• Sales has much more to do with persuasion than anything else. Learn more about the art and science of moving others in our Persuasion channel. If sales is your profession, you will find additional resources in our Sales channel.
  • Would you like to start applying some of the principles explained in To Sell Is Human? Download the author’s free 14-day workbook.
Related Summaries in getAbstract’s Library
Image of: You’re Invited
Book Summary

You’re Invited

Connecting with influencers of all types is a highly effective strategy for personal advancement.

Jon Levy HarperBusiness Read Summary
Image of: Extraordinary Influence
Book Summary

Extraordinary Influence

“Extraordinary influence” uses positivity to affect others for the better.

Tim Irwin Wiley Read Summary
Image of: How to Change Anyone’s Mind
Article Summary

How to Change Anyone’s Mind

People can be stubborn, so introduce catalysts to prompt them to change.

Jonah Berger The Wall Street Journal Read Summary
Image of: Get People to Do What You Want
Book Summary

Get People to Do What You Want

Use tactics from a former Army interrogator to persuade, question, interpret and understand other people.

Gregory Hartley and Maryann Karinch Career Press Read Summary
Image of: 7 Secrets of Persuasion
Book Summary

7 Secrets of Persuasion

To understand the art of persuasion, ask cognitive science for guidance in dealing with the lizard mind.

James C. Crimmins Career Press Read Summary
Image of: Sales EQ
Book Summary

Sales EQ

What’s your sales emotional intelligence? Make more and better sales by leveraging client emotions.

Jeb Blount Wiley Read Summary


  • What is your chronotype? Take a quiz.
  • Right timing is important for optimal sleep – check out our Sleep channel for more advice on improving sleep quality for optimal performance.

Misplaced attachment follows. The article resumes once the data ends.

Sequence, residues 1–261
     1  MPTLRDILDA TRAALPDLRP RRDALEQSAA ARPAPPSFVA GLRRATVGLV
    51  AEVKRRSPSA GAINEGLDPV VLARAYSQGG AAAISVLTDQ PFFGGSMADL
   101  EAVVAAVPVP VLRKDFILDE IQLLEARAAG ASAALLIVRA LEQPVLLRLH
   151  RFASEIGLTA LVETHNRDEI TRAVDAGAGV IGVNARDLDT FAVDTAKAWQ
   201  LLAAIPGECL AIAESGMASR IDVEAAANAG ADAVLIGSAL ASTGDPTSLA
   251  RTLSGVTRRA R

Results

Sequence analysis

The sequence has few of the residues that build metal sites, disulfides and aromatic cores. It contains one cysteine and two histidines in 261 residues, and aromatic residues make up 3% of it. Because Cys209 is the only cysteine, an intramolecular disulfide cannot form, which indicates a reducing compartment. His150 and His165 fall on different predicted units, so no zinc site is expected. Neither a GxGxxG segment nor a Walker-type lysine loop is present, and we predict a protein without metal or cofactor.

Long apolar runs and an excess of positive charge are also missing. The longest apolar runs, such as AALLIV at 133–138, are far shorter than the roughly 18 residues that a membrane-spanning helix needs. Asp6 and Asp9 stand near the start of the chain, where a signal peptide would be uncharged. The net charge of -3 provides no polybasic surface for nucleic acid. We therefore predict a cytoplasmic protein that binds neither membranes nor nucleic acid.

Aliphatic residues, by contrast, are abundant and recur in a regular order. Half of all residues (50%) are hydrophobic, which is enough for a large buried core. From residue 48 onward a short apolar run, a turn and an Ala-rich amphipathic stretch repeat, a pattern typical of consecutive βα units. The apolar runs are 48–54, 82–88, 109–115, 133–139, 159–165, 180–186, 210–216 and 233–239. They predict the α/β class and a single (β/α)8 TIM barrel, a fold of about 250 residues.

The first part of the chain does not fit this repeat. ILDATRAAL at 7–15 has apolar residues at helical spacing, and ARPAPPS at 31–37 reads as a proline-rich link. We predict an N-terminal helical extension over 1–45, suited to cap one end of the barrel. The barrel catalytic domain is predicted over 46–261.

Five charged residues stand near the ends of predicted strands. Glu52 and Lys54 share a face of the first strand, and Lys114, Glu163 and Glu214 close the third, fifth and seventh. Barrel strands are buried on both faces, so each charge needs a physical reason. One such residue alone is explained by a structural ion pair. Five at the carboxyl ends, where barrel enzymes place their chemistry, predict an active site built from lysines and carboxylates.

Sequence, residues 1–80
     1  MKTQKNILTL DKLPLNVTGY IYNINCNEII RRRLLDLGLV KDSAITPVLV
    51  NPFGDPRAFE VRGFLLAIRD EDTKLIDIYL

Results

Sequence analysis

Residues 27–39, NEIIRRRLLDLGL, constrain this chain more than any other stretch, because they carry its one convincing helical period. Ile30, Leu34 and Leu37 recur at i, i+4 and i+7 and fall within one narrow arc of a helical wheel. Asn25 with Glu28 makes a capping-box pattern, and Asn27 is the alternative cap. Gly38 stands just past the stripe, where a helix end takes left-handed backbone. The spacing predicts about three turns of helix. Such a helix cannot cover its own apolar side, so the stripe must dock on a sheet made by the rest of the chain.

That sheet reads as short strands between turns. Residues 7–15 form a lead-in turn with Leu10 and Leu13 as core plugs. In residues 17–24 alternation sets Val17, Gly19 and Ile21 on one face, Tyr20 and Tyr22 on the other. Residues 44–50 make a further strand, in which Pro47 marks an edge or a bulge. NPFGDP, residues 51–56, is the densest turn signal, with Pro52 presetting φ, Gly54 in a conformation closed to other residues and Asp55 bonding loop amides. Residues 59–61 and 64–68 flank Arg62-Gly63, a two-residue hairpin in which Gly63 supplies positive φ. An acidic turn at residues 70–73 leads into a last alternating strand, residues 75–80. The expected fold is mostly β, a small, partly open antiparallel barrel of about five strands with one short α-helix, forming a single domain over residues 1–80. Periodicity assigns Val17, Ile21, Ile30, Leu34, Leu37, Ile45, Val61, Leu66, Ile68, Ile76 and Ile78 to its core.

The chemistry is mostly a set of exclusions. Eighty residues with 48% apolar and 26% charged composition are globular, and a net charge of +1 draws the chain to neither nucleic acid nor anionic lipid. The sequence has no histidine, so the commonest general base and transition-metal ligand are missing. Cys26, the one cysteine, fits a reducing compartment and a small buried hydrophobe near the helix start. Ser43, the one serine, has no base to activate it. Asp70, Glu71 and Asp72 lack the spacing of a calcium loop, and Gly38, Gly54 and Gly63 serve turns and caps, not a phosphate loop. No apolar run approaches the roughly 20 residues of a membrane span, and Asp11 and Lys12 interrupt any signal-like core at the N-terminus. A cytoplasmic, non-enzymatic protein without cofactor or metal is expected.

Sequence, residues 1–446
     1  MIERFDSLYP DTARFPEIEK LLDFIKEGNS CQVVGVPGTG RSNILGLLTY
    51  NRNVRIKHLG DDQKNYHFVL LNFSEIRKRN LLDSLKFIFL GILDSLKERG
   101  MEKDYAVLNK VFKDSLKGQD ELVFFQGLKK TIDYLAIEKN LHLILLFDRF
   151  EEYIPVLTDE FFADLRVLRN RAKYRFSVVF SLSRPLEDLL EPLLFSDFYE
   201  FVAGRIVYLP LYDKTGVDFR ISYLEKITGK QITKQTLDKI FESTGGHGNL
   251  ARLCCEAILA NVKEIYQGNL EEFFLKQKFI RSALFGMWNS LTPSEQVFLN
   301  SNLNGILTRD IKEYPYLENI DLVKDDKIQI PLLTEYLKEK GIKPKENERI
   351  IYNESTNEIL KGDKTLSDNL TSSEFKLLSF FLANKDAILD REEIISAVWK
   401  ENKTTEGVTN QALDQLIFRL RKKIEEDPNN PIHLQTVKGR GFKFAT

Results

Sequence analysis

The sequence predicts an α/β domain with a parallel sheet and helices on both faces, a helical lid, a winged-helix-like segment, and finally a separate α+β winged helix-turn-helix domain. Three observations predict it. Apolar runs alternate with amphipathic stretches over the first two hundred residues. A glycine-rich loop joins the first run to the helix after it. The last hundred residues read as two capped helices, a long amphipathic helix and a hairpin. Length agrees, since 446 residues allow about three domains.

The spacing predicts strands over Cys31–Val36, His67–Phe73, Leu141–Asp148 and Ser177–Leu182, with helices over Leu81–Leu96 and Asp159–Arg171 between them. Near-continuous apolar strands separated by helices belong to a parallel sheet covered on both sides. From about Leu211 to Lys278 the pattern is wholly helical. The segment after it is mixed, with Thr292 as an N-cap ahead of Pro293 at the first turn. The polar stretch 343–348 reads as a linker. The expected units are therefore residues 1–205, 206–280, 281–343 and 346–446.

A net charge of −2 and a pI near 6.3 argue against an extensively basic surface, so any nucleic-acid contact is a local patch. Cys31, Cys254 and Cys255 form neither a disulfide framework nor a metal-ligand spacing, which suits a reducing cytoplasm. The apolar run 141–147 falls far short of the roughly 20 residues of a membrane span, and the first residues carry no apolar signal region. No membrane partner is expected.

• Science has a lot to teach us about right timing – so don’t leave time management up to chance. Find out more in our Time Management channel.
Related Summaries in getAbstract’s Library
Image of: Four Thousand Weeks
Video Summary

Four Thousand Weeks

Slow down and scale back to relieve stress and live a more meaningful life.

Oliver Burkeman and Rob Leworthy Talks at Google Read Summary
Image of: The Energy Clock
Book Summary

The Energy Clock

Focus your energy where it really matters.

Molly Fletcher Simple Truths Read Summary
Image of: Time Smart
Book Summary

Time Smart

Ashley Whillans may forever change how you think about time, and make you happier, healthier and more productive.

Ashley Whillans Harvard Business Review Press Read Summary
Image of: Eat That Frog
Book Summary

Eat That Frog

Goethe said, “The things that matter most must never be at the mercy of the things that matter least.” Tracy is less eloquent: Eat that frog.

Brian Tracy Berrett-Koehler Publishers Read Summary
Image of: The Bullet Journal Method
Book Summary

The Bullet Journal Method

The best productivity app is still pen and paper.

Ryder Carroll Portfolio Read Summary
Image of: The Productivity Project
Book Summary

The Productivity Project

Build productivity with time management, energy management and attention management.

Chris Bailey Crown Publishing Group Read Summary

7. Deep Dive: Intrinsic Motivation and the Workplace

Find out more about motivation and the future workplace in our related Journal articles:

About Our Thought Leader Profiles
Biographies can be found on Wikipedia. What you find here are instant practical insights into the thinking of important contemporaries – with handy references to the summaries of their works at getAbstract, of course.